Paganini says as more retailers and other online companies collect data about consumers' card use and shopping habits, organised criminals are trying out ways to steal this data and exploit it.
The biggest prize is to hack into a large organisation where personal data is held, he says on his blog. "Access to one of these databases that contains data for millions of cards could open the doors of heaven for a criminal."
Furthermore, Wharram says companies often don't realise they have been hacked until months later, giving hackers plenty of time to mine the data at their leisure.
Wharram also says ransomware -- a malicious programme you accidentally download to your computer -- is on the rise. People often accidentally download it by clicking on an executable file or something that looks like a pop-up ad or a software update. The programme then encrypts your picture or word files and asks for money to unencrypt.
"These programmes target companies or individuals and encrypt and jumble all your data so you can't read it," Wharram says. "Then, they ask you to pay for it to be unscrambled. Often, people do pay because it is their personal computer and all their photographs and personal or financial information is actually much more valuable to them than their credit card details."
4. Skimmers and "insiders".
When you pay for a meal with your card at a restaurant, a server may take your card, check you out and then return it. A dishonest server can steal your card details (including your CVC on the back of the card) by simply copying them down, then either use the card or sell the details to someone else. This scenario is rare, as most places in the UK (but not throughout Europe) allow you to pay at the table, but some restaurants still take your card.
Alternatively, your card information might be read and downloaded by a skimmer, a machine that is sometimes installed over the typical card insertion terminal in ATMs or at petrol stations. Skimmers collect your card number as you swipe. Some skimmers work in conjunction with a camera so a thief can gather your PIN or CVC as you enter it on the keypad.
Wharram says petrol outlets are such a target that he now only pays for fuel with cash to avoid his card details being stolen.
A new and emerging threat is that of remote theft, in which someone bumps into you in a busy place and takes money from your contactless card without you even being aware of it.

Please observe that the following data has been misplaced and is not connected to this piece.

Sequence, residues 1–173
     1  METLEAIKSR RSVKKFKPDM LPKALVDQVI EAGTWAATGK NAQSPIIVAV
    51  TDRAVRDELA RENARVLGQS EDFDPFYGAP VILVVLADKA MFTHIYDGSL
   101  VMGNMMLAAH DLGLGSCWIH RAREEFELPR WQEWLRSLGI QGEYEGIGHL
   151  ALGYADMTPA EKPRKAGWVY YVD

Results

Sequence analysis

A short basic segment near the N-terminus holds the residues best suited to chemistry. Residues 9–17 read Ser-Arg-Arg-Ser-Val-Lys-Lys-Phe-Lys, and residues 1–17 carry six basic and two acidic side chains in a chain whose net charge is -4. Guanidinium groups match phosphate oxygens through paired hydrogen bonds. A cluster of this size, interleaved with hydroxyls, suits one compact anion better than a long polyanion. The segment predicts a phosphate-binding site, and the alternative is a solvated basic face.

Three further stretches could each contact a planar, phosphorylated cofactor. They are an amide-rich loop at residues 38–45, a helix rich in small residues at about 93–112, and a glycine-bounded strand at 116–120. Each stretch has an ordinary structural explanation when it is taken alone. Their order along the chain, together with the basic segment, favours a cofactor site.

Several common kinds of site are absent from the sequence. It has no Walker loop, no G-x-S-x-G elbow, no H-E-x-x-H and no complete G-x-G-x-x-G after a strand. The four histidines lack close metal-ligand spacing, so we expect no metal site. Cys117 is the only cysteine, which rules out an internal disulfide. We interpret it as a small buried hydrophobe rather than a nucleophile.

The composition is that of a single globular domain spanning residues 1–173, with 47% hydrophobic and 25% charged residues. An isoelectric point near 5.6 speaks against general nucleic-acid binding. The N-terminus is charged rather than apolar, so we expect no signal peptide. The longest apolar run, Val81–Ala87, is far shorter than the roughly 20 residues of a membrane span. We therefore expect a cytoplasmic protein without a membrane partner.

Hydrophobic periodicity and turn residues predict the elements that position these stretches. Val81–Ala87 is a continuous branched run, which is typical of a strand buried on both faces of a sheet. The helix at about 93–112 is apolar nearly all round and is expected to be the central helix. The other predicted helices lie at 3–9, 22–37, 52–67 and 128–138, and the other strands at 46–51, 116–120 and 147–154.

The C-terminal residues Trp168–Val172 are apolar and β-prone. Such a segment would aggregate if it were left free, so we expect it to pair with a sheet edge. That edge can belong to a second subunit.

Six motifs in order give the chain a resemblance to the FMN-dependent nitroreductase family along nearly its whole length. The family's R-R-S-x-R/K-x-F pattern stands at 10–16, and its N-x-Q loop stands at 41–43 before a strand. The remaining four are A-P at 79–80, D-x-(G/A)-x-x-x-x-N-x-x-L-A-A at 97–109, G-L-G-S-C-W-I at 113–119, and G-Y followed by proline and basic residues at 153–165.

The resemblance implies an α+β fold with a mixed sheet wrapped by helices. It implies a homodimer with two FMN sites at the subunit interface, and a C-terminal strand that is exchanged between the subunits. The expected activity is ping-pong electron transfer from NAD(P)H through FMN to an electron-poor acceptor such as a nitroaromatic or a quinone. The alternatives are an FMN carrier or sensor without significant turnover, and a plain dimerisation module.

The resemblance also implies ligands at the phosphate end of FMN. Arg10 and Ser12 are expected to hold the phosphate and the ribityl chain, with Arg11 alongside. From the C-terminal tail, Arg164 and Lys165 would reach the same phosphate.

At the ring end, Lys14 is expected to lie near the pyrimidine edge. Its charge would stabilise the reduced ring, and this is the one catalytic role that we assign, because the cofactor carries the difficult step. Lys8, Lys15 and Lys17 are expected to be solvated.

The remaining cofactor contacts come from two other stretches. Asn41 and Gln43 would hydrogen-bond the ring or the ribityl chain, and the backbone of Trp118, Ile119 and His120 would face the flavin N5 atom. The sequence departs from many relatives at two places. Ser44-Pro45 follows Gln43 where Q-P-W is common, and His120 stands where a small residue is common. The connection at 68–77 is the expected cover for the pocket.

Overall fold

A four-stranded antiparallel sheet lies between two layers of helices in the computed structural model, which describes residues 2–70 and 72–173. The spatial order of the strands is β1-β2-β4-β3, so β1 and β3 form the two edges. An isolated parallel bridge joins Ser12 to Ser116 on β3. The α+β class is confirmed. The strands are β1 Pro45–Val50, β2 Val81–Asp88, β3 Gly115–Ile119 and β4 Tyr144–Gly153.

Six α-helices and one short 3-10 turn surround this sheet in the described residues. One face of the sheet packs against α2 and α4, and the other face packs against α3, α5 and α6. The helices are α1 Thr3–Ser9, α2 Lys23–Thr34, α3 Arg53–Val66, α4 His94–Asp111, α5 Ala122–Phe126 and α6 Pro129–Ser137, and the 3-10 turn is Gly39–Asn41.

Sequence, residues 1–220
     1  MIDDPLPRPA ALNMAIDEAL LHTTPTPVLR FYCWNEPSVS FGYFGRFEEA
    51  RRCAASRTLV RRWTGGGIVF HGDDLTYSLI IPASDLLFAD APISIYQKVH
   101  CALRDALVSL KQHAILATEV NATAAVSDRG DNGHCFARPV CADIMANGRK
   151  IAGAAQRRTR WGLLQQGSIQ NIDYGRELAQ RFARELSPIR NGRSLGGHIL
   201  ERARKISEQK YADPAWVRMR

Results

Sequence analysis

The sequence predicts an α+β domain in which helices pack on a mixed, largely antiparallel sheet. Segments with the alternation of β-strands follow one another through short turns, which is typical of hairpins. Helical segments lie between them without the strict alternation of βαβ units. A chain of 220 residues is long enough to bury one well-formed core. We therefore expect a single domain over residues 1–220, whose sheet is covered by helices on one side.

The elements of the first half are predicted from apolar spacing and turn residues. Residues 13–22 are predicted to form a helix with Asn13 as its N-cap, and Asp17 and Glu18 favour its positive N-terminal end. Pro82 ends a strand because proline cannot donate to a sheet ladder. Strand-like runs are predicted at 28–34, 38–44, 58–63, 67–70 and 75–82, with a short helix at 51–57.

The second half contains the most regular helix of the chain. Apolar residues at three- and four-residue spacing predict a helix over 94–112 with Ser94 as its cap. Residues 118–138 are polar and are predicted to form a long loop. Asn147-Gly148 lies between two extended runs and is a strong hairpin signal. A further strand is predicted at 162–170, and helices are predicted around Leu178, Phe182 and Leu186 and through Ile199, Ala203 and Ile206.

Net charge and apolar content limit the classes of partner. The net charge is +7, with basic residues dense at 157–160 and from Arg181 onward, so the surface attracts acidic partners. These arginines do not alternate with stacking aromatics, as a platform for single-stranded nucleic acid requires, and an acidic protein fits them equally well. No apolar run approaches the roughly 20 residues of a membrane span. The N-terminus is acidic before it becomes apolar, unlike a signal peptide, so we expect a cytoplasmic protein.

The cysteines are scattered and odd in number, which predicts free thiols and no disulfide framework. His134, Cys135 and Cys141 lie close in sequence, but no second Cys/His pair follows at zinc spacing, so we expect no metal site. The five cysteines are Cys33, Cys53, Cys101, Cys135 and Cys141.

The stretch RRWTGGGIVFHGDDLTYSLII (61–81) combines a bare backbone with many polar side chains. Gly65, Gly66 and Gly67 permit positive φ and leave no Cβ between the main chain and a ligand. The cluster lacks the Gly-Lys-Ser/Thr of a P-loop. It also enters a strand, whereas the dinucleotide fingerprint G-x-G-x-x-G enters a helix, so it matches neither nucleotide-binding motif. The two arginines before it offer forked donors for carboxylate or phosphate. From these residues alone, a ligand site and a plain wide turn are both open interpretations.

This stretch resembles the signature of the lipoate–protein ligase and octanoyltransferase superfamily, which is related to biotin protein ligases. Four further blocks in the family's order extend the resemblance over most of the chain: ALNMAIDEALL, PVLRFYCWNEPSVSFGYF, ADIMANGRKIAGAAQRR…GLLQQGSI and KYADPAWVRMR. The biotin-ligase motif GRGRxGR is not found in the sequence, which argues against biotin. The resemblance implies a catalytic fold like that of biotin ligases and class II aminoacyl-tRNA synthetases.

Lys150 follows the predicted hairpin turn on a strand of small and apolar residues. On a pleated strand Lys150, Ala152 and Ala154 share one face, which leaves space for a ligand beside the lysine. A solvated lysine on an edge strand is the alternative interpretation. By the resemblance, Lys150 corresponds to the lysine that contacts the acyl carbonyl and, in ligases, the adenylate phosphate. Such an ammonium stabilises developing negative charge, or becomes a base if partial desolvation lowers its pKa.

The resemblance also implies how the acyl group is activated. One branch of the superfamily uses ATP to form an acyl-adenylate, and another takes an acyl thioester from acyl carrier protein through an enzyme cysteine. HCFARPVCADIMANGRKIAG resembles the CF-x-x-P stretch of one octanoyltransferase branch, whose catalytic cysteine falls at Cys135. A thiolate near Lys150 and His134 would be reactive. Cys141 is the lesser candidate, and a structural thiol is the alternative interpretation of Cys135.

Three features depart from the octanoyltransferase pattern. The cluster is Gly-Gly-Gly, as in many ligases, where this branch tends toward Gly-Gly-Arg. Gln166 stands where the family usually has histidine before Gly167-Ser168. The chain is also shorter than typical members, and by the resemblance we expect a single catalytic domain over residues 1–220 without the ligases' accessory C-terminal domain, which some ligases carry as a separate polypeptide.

Most cards have a contactless function that allows you to make payments up to £30 without signing or inputting your PIN. You simply touch the card to the retailer's payment terminal and the transaction is authorised.
"On commuter trains, the London Underground or a busy restaurant, someone could bump into you and hold a handheld payment terminal against your bag, pocket or wallet long enough to take money from your card," Wharram says. You might not even notice it has happened, and you might not register the sum stolen right away because it is such a small amount.
For this to work, the thief must be close enough to capture the signal given off by the contactless card. A fraudster may even follow you and observe your habits in advance so he knows exactly where you keep your cards. Though you might notice someone standing abnormally close to you in a sparse area, in a crowded place, you may not think twice about it.
For this reason, Wharram only uses an Oyster Card, and not his credit or debit card, for travel on the Underground.
"It is still relatively uncommon but simple for a thief to do," Wharram says. "One option to protect yourself is to buy a shield for your card which prevents it being read remotely while it is in your pocket or bag."
6. Social media
Your social media profile may reveal your birthday, your mum's maiden name, your oldest niece's name, where you went to school or the make and model of your first car. The catch: these are often answers to some of the security questions websites put in place to prevent a fraudster from logging into your account.
"Sites like Facebook are used by criminals to garner lots of personal information on an individual that can be used for identity theft," says Wharram.
"Social engineering is an increasing problem," Cannon said. A hacker could obtain a certain amount of information from social media accounts, he said, then soon enough, the information finds its way onto places like the Dark Web, where it's picked up by other fraudsters. Those fraudsters then use social engineering to get the remaining information directly from the unsuspecting consumer to enable them to commit financial fraud.
"It means we all need to be even more careful about what we're saying on the internet, or even over the phone," Cannon said. "If you're not absolutely sure that the person you're talking to is who they say they are, don't risk it."See related: Victims of fraud not liable for thief's charges -- usually, Protect yourself from phishing and smishing
Updated: 14 November 2017